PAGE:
Saturday, September 19, 2009

Shout about your frequent-service routes!

Does your city have any public transport routes that guarantee high-frequency throughout the day? Are they metro/subway routes? Are some on buses?

If any of those services are bus routes, are they highlighted as special, or do they seem like any other bus service?

The Human Transit blog highlights the importance of being very clear which routes have high-quality, frequent service (regardless of technology):
Berlin, for example, presents its system this way:
  • Rapid transit, consisting of U-bahn and S-bahn. (These have numbers starting with U or S. Both are fully grade separated rail transit. ... )
  • Frequent local-stop transit, called the "Metro-Netz." Metro-Netz service is identified by a route number starting with M, and this supposedly guarantees service every 10 minutes or better for 20 hours a day. Metro-Netz service can be either streetcar or bus.
  • Less-frequent local-stop transit, which is identified by a route number without an initial letter.
Obviously the important point here is the Metro-Netz definition, which focuses on the quantity and type of service -- promising local-stop service that runs very frequently all day and evening. Both buses and streetcars/trams can provide this service, and they encourage you to focus on the service, not the technology.
Human Transit calls Berlin's Metro-Nezt a Frequent Network brand.
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Wednesday, September 2, 2009

Digging into Parking in Asia

Digging into Parking in Asia
[Update: Looking for more parking policy information?  

Ground floor living-room parking in Hanoi.

I am busy starting up a very quick 13-city/country study of urban parking policy and outcomes around Asia.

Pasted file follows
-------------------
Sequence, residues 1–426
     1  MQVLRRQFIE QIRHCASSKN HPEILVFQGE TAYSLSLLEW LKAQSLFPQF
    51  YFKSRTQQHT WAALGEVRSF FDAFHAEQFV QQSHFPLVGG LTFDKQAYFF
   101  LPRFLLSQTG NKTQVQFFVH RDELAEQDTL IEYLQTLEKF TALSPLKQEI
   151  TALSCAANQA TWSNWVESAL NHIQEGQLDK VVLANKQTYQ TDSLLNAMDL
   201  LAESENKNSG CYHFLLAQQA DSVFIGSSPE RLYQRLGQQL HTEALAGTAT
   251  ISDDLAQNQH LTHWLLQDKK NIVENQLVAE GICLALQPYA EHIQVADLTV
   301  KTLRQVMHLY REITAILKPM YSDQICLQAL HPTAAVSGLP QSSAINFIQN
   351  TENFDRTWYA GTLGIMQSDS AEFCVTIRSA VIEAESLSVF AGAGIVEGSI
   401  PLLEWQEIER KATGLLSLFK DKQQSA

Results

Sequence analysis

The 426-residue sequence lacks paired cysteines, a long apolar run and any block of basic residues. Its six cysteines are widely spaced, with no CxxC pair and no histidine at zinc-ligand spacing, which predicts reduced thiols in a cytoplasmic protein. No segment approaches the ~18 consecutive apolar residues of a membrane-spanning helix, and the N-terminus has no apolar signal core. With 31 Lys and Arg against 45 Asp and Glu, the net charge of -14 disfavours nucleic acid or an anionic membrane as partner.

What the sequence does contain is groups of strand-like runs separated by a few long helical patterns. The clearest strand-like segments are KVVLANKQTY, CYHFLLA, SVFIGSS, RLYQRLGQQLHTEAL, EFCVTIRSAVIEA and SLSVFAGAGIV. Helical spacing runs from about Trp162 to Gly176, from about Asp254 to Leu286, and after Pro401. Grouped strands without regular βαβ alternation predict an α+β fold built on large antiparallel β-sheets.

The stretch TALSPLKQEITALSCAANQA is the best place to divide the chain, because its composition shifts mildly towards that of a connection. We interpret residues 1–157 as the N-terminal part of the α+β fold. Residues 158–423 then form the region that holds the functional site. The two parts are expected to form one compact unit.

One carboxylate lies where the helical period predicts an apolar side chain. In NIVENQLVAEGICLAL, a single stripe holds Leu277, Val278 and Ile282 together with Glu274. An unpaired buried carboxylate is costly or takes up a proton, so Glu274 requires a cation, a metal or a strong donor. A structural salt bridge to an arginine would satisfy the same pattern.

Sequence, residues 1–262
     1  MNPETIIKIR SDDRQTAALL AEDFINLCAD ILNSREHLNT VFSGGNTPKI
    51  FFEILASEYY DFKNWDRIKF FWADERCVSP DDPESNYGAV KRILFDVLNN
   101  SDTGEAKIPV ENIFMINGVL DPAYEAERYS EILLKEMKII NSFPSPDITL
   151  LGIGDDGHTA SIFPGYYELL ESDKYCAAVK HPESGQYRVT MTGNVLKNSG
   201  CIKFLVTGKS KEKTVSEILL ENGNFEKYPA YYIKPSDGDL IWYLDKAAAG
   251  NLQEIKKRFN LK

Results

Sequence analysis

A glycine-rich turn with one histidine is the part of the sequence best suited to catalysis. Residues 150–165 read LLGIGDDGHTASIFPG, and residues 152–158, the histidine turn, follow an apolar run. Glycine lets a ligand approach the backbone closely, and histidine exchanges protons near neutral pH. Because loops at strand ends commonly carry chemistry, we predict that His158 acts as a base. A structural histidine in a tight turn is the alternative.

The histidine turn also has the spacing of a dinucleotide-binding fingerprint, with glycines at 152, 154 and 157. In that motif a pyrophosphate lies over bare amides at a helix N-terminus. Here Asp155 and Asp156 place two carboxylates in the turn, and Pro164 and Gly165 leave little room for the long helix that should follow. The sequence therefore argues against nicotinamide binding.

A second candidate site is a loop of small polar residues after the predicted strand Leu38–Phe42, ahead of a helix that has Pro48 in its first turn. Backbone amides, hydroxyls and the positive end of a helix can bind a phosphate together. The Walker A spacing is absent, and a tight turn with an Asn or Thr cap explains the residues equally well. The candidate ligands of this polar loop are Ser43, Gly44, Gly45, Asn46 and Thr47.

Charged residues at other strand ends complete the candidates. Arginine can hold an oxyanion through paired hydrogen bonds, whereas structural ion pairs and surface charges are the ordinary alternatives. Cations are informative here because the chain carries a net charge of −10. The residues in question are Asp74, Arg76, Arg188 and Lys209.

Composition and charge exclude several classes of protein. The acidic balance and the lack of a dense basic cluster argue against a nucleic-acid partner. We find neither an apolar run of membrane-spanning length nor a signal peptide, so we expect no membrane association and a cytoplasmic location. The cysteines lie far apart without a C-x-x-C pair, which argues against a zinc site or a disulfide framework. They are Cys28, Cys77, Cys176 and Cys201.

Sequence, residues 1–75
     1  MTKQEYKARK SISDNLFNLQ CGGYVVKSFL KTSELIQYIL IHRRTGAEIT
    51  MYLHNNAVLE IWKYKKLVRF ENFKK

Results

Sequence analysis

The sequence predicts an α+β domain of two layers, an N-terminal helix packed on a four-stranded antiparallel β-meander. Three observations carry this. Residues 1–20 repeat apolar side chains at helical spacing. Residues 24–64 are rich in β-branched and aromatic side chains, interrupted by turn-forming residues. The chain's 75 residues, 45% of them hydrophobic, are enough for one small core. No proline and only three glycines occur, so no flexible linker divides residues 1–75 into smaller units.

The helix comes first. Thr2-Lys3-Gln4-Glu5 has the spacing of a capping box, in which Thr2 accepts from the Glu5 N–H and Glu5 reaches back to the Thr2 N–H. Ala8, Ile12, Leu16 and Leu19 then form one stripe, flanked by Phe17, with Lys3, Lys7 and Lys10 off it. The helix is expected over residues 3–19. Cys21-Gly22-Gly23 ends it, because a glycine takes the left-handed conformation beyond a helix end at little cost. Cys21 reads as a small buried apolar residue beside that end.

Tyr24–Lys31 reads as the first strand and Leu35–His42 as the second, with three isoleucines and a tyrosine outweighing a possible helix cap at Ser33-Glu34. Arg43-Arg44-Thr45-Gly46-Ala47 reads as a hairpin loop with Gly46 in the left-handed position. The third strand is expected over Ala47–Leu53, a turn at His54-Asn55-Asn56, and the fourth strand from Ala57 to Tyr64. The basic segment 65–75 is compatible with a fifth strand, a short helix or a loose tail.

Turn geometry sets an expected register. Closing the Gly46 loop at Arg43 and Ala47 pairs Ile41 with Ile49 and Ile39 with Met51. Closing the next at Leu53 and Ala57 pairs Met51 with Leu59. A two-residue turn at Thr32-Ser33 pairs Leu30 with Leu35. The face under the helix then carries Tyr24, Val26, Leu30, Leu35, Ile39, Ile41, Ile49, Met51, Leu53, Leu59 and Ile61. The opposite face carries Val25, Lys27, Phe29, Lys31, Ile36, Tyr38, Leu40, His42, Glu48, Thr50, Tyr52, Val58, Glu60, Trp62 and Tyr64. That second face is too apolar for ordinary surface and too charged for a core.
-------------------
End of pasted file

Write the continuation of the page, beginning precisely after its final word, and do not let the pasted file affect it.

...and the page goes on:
Maybe you can help?

It is an exploratory study aiming to find out what parking issues are important in each place (so that follow-up research can dig deeper). The focus is mainly cars, but other vehicles are relevant too, especially motorcycles. I want to know about off-street parking AND off-street. I am keen to hear about residential parking AND work-based parking AND short-term parking at other places, like shops. A bit ambitious perhaps but I want it all.

The study is also aimed at finding out if any of the major parking policy debates in Western cities are at all relevant anywhere in Asia. Can other places learn from how parking is done in any Asian cities?

So, if you have a view on parking and how it works then please drop a comment below! If you know of great studies or information sources then likewise, please do tell!

I am especially keen to hear tip-offs for parking policy or parking debate or parking phenomena in cities in the following places (since certain cities in each of these places are the case-studies for the project):
  • Bangladesh
  • India
  • Mainland China
  • Hong Kong
  • Taiwan
  • South Korea
  • Japan
  • Thailand
  • Malaysia
  • Indonesia
  • Philippines
  • Vietnam, and
  • Singapore (where I am based).
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